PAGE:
Nearly 200,000 purely battery electric powered passenger cars were sold in the UK last year, indicating the huge growth in sales even as the government scaled back its grants to incentivise their adoption. With fuel prices soaring and continuing tax advantages for those running EVs as company cars they still make financial sense for a lot of drivers, the fact they’re now fashionable and acceptable as mainstream choices likely to see that number grow further. That’s helped by the growing number of desirable electric cars in the market, that choice increasing further into 2022 as more and more manufacturers electrify their range and new ‘second-gen’ cars built on dedicated platforms unlock even greater range and performance. Here are some we’re especially looking forward to.
The eight best new EVs launching in 2022
Renault Mégane E-Tech Electric
With a decade of experience in the field, 400,000 pure electric cars sold and over 10 billion electrified kilometres covered by their owners it’s fair to say Renault has impressive EV cred. The new, fully electrified Mégane, is a big deal too, given it officially embodies the brand’s second-gen hardware with a new purpose-built platform developed with Nissan. Born of the ‘Renaulution’ initiative, due to be built at the firm’s ‘ElectriCity’ and carrying the latest ‘Nouvelle Vague’ styling, once past the cheesy marketing speak there is – thankfully – real substance (and style) to this new Mégane. Two battery options will offer up to 292 miles of range and you’ll have the choice of 130PS (96kW) or 218PS (160kW) motor outputs. For all the trendy crossover stance the centre of gravity is apparently 90mm lower than the current ICE-powered Mégane, thanks to a super-thin battery pack slung low between the extended wheelbase.
Mercedes has been taking its sweet time over transitioning from ICE to electric, the first fruits of its EQ range little more than battery-powered conversions of existing models jazzed up with fancy wheels and different grilles. They drive well and feel suitably premium but limited range and performance betray the compromises required and it’s only with the pure-electric EQS we see what Mercedes is really capable of. The styling is somewhat anonymous but the tech within is dazzling, especially with the optional Hyperscreen package available on 2022 deliveries and standard on the high-performance Mercedes-AMG EQS 53 4Matic+. With three screens integrated into one giant glass panel stretching across the dash, it will deliver a truly futuristic driving experience, the 658PS (484kW) EQS 53 boasting range of over 350 miles and performance worthy of the AMG badge.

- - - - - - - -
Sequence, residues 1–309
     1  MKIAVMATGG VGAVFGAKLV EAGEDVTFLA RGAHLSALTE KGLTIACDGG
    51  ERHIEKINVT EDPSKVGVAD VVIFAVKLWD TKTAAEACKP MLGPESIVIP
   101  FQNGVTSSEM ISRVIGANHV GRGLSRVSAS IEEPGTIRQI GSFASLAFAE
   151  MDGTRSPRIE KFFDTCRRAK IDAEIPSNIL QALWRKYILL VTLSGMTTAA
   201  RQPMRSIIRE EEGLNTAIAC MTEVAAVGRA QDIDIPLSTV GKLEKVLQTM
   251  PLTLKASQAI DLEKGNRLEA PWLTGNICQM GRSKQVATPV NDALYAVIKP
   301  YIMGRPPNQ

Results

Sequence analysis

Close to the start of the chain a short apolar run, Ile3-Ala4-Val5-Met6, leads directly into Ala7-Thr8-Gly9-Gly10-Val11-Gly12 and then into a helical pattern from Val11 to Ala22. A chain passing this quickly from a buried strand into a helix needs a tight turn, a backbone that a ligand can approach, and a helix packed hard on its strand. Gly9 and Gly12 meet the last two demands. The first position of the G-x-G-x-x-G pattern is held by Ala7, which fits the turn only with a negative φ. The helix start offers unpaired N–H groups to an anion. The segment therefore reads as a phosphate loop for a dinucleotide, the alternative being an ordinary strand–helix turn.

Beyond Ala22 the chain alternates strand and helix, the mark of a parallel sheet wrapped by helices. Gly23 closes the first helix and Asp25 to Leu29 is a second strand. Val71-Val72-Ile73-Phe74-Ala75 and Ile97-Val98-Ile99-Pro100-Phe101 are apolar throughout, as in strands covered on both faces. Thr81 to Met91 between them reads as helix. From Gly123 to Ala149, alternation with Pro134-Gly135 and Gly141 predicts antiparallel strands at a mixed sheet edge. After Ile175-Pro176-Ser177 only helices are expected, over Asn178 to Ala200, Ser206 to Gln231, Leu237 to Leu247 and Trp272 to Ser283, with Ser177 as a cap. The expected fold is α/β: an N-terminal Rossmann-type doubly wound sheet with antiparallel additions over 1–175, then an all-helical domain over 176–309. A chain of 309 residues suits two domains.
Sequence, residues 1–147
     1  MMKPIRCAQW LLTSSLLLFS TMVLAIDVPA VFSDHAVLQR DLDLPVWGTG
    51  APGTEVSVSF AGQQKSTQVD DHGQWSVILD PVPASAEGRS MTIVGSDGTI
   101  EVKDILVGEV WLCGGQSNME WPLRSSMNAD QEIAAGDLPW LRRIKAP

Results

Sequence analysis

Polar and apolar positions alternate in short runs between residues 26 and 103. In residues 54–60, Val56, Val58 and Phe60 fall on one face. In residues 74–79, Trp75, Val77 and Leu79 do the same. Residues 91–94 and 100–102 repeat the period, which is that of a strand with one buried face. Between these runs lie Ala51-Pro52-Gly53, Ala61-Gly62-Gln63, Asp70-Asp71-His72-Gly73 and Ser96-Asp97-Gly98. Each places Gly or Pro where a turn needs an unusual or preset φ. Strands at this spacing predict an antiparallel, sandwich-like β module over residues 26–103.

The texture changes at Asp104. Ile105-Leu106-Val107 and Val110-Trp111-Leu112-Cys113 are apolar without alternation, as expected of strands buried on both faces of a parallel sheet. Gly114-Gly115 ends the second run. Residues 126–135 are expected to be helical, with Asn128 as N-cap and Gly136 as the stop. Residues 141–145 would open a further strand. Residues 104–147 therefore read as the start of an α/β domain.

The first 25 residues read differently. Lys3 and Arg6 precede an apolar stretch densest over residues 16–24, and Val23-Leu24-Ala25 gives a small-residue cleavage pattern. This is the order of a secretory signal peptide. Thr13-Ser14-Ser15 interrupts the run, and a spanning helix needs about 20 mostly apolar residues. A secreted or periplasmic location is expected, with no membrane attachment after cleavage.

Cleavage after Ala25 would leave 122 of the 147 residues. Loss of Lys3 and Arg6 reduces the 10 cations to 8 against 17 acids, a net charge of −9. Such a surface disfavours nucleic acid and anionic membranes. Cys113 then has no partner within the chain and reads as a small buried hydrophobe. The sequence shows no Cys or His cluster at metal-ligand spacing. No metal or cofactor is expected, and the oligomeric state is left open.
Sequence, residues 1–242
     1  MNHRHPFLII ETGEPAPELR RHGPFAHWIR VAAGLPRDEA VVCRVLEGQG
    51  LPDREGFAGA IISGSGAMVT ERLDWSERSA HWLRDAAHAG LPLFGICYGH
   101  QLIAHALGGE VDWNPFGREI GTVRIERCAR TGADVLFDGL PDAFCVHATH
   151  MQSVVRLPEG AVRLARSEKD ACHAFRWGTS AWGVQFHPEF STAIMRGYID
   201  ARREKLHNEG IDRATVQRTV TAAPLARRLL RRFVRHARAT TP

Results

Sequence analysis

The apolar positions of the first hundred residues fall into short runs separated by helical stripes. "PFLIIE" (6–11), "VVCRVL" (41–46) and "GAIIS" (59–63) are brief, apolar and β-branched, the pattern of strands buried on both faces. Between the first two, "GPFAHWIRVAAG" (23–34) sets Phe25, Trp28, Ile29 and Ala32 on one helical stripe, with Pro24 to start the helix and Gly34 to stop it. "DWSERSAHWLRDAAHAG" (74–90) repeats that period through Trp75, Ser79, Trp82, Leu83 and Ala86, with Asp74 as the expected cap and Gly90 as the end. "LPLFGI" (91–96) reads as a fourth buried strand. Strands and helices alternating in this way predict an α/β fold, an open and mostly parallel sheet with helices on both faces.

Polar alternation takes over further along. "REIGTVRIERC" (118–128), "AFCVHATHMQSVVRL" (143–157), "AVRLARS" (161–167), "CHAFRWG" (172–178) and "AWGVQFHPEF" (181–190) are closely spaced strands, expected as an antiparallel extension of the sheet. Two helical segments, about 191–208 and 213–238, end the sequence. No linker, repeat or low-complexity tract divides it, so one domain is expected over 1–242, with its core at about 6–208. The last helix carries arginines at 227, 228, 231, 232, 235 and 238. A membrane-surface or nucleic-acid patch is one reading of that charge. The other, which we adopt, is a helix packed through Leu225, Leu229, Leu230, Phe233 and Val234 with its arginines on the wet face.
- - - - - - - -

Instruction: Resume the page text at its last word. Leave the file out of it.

Like its Alliance partner Renault, Nissan has huge experience in EVs and is channelling that into the first of its next-gen products, the Ariya. Sharing the same all-electric platform as the new Mégane, the Ariya is a bigger, more conventional SUV shaped car and will, in the first instance, be available with more power and performance than its Renault relative. The two-wheel-drive entry-level model has a 63kWh battery good for up to 223 miles, this increasing to over 300 miles with the larger 87kWh battery. If performance rather than range is your priority you can pair this with a more powerful twin-motor, e-4ORCE all-wheel-drive setup promising an electrified twist on the same in Nissan’s legendary Skyline and GT-R models. Pricing starts at just over £40,000 while the top model is knocking on £60,000 – a stretch for Nissan against premium brands like Polestar, Audi and Jaguar but one it seems confident the Ariya’s style and performance lives up to.